Ok, so these two potted plants (or, as our English friends would call them, pot plants) on my balcony just kept kicking up new surprises right up until the moment of my departure. Spurred by the curiosity of so much time at home with a need to get up and walk around and look out my windows in order to unchain myself from my work-at-home computer-email-obsessive habits, I watched as the potted plant on the right sent up new stalks. I calmly assumed that, since the leaves and habit of the plants in both pots seemed quite entirely the same, that the flowers would turn out pretty much the same also. And yet, experienced liver of life that I am, I failed to recall that when one assumes, one makes as ass of yourself and myself :-). Check it out! That big close-up just above here — ain’t it cool! And yet online photo research (for reasons unknown to me, the government of Northern Territory in Australia seems to have a thing with helliconia — or at least to come up early in google searches for photos of helliconia).
To me, this new flower clearly looks like a relative but more of a cousin than a brother of the flowers coming out of the first potted plant to set flowers. To do your own comparisons, and to see yet again why it’s so easy to think those first ones to flower are in fact strelitzia (bird of paradise) flowers rather than helliconia flowers, check out the second post I did from these remarkably productive plants next to my meditation space: https://somuchworldsolittletime.wordpress.com/2020/06/15/urban-garden-13/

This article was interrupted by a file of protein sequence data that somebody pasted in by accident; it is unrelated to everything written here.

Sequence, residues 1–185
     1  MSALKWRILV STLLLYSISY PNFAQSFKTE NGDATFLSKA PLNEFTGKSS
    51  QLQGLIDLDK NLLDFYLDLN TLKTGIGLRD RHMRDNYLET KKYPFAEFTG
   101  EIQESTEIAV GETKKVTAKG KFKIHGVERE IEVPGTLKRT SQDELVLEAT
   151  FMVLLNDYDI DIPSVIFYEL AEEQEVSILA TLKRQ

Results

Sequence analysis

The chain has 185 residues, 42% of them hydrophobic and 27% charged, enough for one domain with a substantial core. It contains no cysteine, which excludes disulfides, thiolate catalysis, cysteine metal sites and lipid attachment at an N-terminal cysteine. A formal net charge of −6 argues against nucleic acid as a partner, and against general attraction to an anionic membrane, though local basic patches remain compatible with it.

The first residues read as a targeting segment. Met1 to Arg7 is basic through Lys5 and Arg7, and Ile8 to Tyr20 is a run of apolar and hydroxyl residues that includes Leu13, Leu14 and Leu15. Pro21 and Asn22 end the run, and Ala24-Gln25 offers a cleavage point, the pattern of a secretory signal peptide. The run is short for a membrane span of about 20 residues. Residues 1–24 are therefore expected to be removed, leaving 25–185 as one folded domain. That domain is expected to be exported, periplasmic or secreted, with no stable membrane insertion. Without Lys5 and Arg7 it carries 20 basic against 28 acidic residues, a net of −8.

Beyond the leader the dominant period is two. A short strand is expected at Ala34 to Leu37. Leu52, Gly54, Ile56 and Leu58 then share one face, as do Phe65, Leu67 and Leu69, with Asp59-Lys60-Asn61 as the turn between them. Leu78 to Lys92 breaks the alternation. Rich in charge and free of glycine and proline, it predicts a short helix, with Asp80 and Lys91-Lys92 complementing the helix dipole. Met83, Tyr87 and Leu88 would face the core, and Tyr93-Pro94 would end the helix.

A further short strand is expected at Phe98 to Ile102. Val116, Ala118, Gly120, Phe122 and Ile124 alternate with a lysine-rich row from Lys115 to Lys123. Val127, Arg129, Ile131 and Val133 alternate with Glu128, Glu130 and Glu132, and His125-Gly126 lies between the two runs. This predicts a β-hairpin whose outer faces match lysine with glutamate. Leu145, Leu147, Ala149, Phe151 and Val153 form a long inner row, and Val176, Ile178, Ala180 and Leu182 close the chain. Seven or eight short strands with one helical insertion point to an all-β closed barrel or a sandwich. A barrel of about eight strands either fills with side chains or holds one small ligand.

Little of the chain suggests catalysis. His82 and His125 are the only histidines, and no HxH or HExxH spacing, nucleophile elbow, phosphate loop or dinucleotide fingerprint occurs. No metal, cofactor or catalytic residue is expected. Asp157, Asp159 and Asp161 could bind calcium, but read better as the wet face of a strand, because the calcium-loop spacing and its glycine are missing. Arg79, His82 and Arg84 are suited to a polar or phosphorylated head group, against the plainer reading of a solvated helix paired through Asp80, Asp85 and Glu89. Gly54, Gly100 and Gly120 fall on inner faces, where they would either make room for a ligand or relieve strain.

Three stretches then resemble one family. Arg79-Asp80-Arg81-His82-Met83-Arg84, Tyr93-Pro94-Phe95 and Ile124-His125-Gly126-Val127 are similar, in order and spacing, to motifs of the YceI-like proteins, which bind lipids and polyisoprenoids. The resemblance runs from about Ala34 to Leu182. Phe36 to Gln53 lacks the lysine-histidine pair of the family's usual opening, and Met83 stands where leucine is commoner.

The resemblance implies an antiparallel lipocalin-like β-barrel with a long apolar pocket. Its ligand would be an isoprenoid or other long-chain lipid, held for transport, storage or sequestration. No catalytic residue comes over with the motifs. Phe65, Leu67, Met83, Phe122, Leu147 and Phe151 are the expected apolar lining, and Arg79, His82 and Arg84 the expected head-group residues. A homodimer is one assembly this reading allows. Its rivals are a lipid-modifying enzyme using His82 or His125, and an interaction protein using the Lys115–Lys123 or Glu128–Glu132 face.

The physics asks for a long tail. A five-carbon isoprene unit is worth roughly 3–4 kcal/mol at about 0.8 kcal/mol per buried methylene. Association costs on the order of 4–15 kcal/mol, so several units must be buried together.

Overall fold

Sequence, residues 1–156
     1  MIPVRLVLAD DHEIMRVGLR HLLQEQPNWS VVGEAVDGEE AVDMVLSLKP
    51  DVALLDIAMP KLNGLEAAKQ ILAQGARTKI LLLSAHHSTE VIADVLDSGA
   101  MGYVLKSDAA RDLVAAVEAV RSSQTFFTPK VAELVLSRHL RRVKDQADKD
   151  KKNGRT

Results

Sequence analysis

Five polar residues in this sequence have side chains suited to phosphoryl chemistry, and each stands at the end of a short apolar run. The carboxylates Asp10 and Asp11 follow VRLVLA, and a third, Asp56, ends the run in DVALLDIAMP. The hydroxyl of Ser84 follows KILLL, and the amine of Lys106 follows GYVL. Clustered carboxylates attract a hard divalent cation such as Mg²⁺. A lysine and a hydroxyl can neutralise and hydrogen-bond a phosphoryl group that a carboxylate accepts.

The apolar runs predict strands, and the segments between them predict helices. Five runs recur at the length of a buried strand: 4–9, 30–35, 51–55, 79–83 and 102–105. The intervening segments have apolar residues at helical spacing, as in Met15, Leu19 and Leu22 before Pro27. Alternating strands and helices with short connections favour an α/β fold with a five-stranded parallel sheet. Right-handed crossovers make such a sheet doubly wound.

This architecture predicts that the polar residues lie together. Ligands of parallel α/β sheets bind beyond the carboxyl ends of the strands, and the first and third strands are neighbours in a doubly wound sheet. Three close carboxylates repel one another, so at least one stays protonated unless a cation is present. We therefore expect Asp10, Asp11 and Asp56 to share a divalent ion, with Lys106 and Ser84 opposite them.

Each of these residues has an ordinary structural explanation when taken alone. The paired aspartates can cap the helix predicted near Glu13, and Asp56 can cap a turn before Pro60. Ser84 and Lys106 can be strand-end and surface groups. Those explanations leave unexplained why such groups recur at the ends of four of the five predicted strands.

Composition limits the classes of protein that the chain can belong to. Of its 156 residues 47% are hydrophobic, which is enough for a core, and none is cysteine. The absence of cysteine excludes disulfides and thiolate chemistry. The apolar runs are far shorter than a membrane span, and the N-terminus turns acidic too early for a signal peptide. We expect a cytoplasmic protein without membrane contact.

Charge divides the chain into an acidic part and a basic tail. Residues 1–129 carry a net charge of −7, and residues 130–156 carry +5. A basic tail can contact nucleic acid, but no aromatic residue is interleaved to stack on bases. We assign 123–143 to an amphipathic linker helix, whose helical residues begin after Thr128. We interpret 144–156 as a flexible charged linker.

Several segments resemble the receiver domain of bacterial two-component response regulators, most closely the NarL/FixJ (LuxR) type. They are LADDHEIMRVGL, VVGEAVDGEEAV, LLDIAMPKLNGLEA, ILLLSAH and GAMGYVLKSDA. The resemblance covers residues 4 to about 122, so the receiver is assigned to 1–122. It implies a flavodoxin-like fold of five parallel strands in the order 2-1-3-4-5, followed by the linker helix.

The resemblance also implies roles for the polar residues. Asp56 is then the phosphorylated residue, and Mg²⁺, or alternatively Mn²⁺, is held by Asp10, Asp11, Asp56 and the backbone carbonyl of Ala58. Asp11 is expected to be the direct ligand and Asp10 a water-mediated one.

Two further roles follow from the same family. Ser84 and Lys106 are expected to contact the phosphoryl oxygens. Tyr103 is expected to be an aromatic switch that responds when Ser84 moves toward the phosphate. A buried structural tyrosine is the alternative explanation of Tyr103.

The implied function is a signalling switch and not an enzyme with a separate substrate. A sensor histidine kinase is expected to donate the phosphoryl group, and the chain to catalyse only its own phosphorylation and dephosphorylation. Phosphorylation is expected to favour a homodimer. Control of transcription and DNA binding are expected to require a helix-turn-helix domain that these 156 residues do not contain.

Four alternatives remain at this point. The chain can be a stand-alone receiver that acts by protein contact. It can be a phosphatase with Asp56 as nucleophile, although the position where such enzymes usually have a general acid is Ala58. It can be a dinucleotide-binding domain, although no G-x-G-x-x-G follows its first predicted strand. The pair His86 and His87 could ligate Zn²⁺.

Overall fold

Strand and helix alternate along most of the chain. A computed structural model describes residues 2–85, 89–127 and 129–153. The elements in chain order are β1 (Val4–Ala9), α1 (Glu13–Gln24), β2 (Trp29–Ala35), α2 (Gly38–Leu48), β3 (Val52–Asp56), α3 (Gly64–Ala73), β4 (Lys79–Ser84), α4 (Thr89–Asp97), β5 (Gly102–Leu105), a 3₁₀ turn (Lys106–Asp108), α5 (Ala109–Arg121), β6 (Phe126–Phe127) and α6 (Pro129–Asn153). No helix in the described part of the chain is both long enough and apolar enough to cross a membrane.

So these potted plants sit on the balcony off the room where I meditate and do my workouts / yoga. The way these flowers suddenly appear on them is really a bit different from what I’m used to from the climate zones where I grew up, in which one has buds for a long time and eagerly waits for them to open – particularly, say, in the case of the spring bulbs like tulips or daffodils, eh? Here, one day I suddenly notice a new spike, and the next day voila, there’s a flower. The more unfolded flower-stalk here was featured previously in https://somuchworldsolittletime.wordpress.com/2020/05/27/urban-garden-6/ , and this week I noticed the second stalk, so thought I’d share with you its evolution.
By the way, online research tells me this is a variety of heliconia, which is not the flower commonly known as Bird of Paradise — for that one, do a quick search for Strelitzia. I once inherited a potted bird-of-paradise plant and, with careful application of the right fertilizers, encouraged it to bloom on a balcony in Brooklyn, long ago and far away :-). (Unlike my British friends, I cannot refer to plants in containers as pot plants. We in the US understand pot plants to be something quite entirely different from these lovely but not … pharmacopially useful? … heliconia.)